Author Contributions

Conceptualization, D.Q., S.X. and Z.Z.; methodology, S.X. and T.X.; software, S.X. and Q.H.; validation, S.X. and T.X.; formal analysis, D.Q., S.X. and Q.H.; investigation, D.Q., S.X. and T.X.; resources, T.X. and Z.Z.; writing—original draft preparation, D.Q., S.X. and Q.H.; writing—review and editing, D.Q., S.X. and Z.Z.; project administration, D.Q., T.X. and Z.Z.; funding acquisition, D.Q., T.X. and Z.Z. All authors have read and agreed to the published version of the manuscript.

Funding

The research was supported by the National Natural Science Foundation of China (No. 72003054, No. 72103052, No. 71773134, No. 72073135), The Youth Project of Humanities and Social Science Foundation of the Ministry of Education (No. 19XJC790011), Hainan Provincial Natural Science Foundation of China (No. 720RC576).

Institutional Review Board Statement

Not applicable.

Informed Consent Statement

Not applicable.

Data Availability Statement

The data presented in this study are available on request from the corresponding author. The data are not publicly available due to personal privacy and non-open access to the research program.

Conflicts of Interest

The authors declare no conflict of interest.

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Figure 1. The conceptual framework.
Figure 1. The conceptual framework.
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Figure 2. The steps of the ISM.
Figure 2. The steps of the ISM.
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Figure 3. Logical relationship diagram of the influencing factors.
Figure 3. Logical relationship diagram of the influencing factors.
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Figure 4. Driving factor hierarchy T diagram.
Figure 4. Driving factor hierarchy T diagram.
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Figure 5. Interpretative structural model of the influencing factors.
Figure 5. Interpretative structural model of the influencing factors.
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Table 1. Descriptive statistics of the sample farmers.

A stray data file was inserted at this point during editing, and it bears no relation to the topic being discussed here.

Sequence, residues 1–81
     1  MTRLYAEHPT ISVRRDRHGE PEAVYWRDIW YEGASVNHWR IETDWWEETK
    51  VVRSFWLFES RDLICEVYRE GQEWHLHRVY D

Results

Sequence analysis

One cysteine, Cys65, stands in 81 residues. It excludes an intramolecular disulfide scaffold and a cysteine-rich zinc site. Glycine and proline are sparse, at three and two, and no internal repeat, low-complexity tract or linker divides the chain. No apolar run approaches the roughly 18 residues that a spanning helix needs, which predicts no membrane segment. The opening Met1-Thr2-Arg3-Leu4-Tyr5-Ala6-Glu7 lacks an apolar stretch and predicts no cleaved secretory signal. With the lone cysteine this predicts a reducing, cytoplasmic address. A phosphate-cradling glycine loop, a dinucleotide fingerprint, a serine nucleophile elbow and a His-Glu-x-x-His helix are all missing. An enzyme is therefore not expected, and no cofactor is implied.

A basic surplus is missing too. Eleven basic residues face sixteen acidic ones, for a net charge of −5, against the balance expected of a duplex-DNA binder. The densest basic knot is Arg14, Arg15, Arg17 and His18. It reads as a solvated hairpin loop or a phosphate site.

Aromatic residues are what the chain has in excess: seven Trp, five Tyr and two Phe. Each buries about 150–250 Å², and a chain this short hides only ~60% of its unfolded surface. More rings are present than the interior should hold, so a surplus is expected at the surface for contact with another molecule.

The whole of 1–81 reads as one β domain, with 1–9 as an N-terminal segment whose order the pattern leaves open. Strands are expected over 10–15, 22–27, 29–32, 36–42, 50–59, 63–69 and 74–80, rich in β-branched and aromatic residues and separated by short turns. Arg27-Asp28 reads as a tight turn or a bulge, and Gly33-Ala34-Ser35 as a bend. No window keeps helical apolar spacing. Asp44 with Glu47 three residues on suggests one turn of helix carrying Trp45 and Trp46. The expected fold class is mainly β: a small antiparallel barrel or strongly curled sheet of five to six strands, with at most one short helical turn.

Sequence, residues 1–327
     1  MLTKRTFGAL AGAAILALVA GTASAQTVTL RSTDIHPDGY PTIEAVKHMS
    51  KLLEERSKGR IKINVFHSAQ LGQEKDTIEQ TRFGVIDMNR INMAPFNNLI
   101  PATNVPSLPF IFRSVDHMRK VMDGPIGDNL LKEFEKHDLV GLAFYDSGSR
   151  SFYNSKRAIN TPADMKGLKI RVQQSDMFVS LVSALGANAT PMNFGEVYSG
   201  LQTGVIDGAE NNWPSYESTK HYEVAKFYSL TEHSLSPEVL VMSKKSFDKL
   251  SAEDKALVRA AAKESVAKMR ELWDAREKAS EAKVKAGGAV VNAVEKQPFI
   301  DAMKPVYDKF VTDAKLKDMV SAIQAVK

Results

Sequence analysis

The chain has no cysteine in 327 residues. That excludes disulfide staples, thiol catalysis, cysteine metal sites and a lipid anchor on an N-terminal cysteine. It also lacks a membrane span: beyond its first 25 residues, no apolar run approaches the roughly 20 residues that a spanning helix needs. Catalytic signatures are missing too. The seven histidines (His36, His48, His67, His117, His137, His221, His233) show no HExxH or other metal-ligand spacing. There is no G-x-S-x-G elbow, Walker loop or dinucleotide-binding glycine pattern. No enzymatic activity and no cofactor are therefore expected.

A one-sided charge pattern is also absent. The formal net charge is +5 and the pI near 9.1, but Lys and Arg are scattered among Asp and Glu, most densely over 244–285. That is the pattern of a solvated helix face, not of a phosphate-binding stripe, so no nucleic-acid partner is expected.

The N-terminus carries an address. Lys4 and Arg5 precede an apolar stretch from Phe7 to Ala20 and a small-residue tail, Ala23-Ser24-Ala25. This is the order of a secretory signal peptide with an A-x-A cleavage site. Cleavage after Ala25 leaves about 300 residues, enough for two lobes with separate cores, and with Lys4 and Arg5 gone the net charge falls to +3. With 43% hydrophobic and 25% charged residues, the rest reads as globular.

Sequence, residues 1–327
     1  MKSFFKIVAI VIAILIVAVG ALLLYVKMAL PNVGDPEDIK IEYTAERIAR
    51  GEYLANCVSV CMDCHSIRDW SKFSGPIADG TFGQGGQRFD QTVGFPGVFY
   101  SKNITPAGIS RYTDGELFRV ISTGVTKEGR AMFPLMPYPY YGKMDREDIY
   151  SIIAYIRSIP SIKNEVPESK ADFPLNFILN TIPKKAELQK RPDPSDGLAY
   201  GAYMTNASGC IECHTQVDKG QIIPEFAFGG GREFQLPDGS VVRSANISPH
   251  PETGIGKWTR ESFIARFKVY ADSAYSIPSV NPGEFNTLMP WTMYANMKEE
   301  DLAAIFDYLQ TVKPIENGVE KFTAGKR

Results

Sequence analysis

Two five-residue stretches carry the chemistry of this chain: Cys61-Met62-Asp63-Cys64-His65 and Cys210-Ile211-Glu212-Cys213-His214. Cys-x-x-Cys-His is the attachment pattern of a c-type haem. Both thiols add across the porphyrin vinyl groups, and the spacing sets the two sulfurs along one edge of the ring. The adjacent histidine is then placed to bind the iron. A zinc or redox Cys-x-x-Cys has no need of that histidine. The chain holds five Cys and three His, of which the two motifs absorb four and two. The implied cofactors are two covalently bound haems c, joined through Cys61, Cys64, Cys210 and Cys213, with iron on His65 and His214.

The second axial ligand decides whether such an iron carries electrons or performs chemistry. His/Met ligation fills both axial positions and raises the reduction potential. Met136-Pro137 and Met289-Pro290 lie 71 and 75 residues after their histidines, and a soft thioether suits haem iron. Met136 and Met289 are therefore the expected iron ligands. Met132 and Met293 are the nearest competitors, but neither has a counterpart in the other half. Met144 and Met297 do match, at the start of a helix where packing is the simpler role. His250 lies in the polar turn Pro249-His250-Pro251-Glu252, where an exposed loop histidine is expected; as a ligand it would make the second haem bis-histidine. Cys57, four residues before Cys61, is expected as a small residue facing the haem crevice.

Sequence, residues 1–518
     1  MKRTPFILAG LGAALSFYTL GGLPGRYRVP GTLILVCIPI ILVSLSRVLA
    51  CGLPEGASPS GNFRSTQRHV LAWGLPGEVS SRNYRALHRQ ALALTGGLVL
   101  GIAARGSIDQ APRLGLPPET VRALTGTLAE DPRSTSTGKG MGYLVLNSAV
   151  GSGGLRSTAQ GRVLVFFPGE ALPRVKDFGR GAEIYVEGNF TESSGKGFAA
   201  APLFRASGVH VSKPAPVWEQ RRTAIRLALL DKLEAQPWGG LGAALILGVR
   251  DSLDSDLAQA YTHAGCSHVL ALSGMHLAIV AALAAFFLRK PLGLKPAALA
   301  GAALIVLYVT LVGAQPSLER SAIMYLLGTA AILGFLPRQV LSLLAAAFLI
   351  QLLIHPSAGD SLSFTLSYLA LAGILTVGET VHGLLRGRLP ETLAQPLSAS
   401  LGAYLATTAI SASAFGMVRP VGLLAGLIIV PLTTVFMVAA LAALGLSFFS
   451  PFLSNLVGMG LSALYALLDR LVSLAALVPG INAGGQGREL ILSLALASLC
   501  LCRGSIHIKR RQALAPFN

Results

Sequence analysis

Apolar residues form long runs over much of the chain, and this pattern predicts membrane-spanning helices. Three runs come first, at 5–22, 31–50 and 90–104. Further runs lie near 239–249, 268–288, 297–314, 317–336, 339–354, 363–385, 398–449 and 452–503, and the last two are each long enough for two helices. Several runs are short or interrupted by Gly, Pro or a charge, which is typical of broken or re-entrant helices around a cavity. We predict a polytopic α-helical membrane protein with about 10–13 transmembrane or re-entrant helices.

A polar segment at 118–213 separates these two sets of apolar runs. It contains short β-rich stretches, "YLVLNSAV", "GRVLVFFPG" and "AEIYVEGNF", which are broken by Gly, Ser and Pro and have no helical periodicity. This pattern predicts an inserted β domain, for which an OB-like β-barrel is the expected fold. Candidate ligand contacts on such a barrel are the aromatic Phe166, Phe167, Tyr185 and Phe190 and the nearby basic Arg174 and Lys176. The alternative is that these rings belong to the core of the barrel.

Table 1. Descriptive statistics of the sample farmers.
ItemsLevelsObs.Frequency
(%)
ItemsLevelsObs.Frequency
(%)
GenderMale40993.81Education
(years)
≤610824.77
Female276.197~921048.17
Age (years)21–30194.3610~128920.41
31–409221.10≥13296.65
41–5013330.50Planting scale(mu)<513230.28
51–6012528.675–1015535.55
>606715.3711–208018.35
EthnicityHan29266.97>206915.82
Minority14433.03Agricultural expenditure (one thousand yuan)<1204.59
Village cadres or civil servantsYes14232.571–514132.34
No29467.435–1010423.85
Part-time employmentYes18341.9710–208319.04
No25358.03>208820.18
Table 2. The statistics of farmers’ green production behavior–willingness deviation.
Table 2. The statistics of farmers’ green production behavior–willingness deviation.
Dependent
Variable
Variable InterpretationOptionsSample SizePercentage (%)
Green production behaviorIs organic fertilizer used?Used24255.50
Not used19444.50
Is soil testing technology adopted?Used27663.30
Not used16036.70
Is straw-returning technology adopted?Used5412.39
Not used38287.61
Behavior–willingness deviationThe degree of farmers’ green production behavior–willingness deviationNo deviation235.28
Slight deviation14533.26
Medium deviation21449.08
High deviation5412.38
Table 3. Variables of the model and descriptive statistics.
Table 3. Variables of the model and descriptive statistics.
Items VariablesDefinitionMeanS. D.MinMaxExpected Direction
Dependent VariableBehavior–willingness deviation0 = No deviation; 1 = Slight deviation; 2 = Medium deviation; 3 = High deviation1.680.7503
Individual characteristic variablesGender1 = Male; 0 = Female0.940.2401
AgeRespondent’s age (years)49.2111.152378?
Ethnicity1 = Han; 0 = Minority0.670.4701
Education0 = Never attended school; 1 = Primary school; 2 = Middle school; 3 = High school; 4 = College and above2.040.9304
Health status0 = Unable to care for themselves; 1 = Unable to do heavy work; 2 = Completely healthy1.860.3802
Part-time employmentWhether the respondent has a part-time job. 1 = Yes; 0 = No0.420.4901+
Risk PreferenceDo you think you are an adventurous person? 1 = Strongly disagree, 2 = Disagree, 3 = Neither agree nor disagree, 4 = Agree, 5 = Strongly agree2.251.4515